PAPVR is the short form of pulmonary venous return. This is a congenital heart defect, where the blood rich in oxygen fails to return towards the left atrium from the lungs. The blood instead returns to the right atrium or surrounding area of the heart.(1)
A few of the pediatric cardiologists also said that PAPVR is a type of congenital malformation, where the pulmonary veins combine to form a common type of vein. However, it fails to attach to the left atrium normally.(2)
If no obstruction towards pulmonary venous return is there, newborns will have mild cyanosis and hardly experience any symptom. However, severe obstructions lead to pulmonary edema, severe type of neonatal cyanosis, and pulmonary hypertension.(3)
How Does PAPVR Affect The Body?
Effects of PAPVR Based On Underlying Symptoms On Infants
The symptoms of PAPVR are almost similar to the symptoms occurring in the case of other heart diseases or health conditions. Particularly, newborns with partial anomalous pulmonary venous return have blue-colored skin, nail beds, and lip i.e. the condition of cyanosis.
The condition takes place during the initial few hours or days in the life of a newborn baby. However, the severity of the baby’s condition depends on the amount of blood supplied by its heart to the body. Moreover, PAPVR is a type of congenital birth defect; your baby may experience a few of the additional symptoms, such as-
- Difficulty in breathing or breathing at a fast rate
- Fast heartbeat or heart rate
- Little movement and tiredness
- Clammy and cool skin
- Poor pulse
- Poor feeding
- Heart murmur
- Enlarged liver(3)
Effects Of PAPVR Based On Certain Complications
PAPVR if left untreated or fail to take proper follow-up may result in various complications. These include the following-
- Lung problems, like respiratory failure
- High blood pressure in the lungs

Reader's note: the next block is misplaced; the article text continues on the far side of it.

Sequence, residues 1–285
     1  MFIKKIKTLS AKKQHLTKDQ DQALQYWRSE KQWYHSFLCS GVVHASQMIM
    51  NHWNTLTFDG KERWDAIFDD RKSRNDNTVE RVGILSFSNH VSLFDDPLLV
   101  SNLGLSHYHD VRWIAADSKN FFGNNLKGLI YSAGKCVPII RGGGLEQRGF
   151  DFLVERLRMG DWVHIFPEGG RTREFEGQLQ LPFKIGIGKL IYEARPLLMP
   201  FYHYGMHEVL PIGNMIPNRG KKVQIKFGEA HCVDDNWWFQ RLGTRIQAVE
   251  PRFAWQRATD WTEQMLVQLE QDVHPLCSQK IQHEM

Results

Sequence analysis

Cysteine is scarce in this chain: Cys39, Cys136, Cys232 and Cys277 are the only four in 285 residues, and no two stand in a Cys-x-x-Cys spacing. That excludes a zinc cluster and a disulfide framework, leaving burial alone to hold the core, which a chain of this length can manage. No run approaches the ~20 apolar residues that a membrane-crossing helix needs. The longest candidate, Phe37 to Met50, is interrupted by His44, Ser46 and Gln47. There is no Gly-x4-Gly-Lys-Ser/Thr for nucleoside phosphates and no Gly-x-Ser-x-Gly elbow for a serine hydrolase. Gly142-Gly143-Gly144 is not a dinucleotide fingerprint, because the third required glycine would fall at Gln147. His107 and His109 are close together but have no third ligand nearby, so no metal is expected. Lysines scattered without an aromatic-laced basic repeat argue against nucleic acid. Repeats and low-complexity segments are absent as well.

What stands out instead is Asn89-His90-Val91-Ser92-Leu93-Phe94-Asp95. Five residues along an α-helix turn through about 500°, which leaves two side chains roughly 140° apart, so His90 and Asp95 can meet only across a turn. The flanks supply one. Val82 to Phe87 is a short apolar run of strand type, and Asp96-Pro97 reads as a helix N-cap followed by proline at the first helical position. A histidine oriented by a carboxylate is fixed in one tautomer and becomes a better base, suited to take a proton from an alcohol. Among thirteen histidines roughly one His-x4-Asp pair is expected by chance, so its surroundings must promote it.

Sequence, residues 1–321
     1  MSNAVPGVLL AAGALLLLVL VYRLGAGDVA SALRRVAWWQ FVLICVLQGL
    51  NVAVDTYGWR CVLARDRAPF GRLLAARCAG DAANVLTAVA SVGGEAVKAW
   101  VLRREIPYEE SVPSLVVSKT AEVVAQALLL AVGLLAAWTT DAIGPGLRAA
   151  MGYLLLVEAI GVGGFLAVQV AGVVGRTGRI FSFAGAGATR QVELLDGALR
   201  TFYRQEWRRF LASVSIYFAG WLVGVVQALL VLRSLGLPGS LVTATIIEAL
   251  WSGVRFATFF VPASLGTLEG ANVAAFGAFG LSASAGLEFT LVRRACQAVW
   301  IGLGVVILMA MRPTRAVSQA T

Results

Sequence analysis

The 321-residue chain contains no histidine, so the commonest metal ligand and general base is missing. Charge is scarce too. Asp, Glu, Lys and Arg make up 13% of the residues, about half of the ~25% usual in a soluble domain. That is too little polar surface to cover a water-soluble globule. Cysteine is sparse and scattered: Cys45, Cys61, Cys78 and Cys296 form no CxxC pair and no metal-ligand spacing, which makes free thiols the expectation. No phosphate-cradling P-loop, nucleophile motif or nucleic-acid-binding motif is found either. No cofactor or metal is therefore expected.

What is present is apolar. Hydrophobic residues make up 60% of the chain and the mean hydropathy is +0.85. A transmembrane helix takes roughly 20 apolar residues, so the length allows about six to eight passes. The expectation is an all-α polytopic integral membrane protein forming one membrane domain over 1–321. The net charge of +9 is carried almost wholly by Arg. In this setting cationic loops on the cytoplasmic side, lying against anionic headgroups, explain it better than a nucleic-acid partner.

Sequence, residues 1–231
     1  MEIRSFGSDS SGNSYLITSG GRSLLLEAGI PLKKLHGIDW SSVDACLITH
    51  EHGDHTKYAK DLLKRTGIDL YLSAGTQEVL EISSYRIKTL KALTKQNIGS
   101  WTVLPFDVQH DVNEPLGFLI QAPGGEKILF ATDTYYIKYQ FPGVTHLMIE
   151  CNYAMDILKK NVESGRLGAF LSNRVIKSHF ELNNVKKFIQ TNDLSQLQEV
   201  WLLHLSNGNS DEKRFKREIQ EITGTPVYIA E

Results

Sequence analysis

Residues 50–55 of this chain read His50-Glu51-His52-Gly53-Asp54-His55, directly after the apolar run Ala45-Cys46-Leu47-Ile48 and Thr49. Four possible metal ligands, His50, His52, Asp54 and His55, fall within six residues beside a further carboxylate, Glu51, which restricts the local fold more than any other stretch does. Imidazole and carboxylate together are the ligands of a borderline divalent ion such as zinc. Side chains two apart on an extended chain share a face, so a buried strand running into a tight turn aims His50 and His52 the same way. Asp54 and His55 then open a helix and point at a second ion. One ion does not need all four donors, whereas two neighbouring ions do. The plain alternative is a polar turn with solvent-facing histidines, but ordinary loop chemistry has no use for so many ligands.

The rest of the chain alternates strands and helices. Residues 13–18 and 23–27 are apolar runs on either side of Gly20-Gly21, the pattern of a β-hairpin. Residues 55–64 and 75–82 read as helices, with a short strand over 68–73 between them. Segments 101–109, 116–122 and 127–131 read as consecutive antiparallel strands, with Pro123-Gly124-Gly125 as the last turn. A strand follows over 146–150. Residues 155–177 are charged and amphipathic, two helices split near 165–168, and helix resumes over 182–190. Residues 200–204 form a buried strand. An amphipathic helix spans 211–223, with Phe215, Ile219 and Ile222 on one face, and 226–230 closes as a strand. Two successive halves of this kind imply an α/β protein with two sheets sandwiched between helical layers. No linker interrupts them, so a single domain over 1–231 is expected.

- Enlarged heart
- Heart failure
- Abnormal heart rhythms
- Enlarged liver
- Slowed body growth and development(3)
What Triggers PAPVR?
The underlying cause of PAPVR is unknown in most of the cases. However, in some cases, a partial anomalous pulmonary venous return takes place because of the abnormal development of the pulmonary veins surrounding the baby’s heart at the time of early fetal growth.(4)
A few of the congenital heart defects take place because of genetic mutations. In this situation, heart problems become frequent in specific families. However, in most cases, the PAPVR type of heart defect takes place by chance and that too without any strong reason related to its development.(4)
Another research study has revealed that a few of the babies experience heart defects because of variations in their chromosomes or genes. Heart defects, including PAPVR, may even take place because of a combination of genes and genetic mutations. Furthermore, in some cases, heart defects by birth take place from risk factors or things, which the fetus or the mother encounters with the external environment. Along with this, PAPVR may take place from the medications, foods, and beverages taken by the mother during her pregnancy period.(5)
To conclude, we should say that PAPVR causes various symptoms in newborn babies. Moreover, if the condition remains untreated, it results in various complications. Research studies have until now do not know the underlying cause of partial anomalous pulmonary venous return disease. However, they have found many causes and risk factors to trigger the condition in infants or newborns.
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- How Long Will It Take To Recover From PAPVR & How Long Do The Symptoms Last?
- Is PAPVR A Progressive Disease & Alternative Treatment For It?
- Can PAPVR Go Away On Its Own & What Are Its Natural Remedies?
- How To Diagnose PAPVR & What Is The Best Medicine For It?
- Who Is At Risk For PAPVR & Is There A Blood Test For It?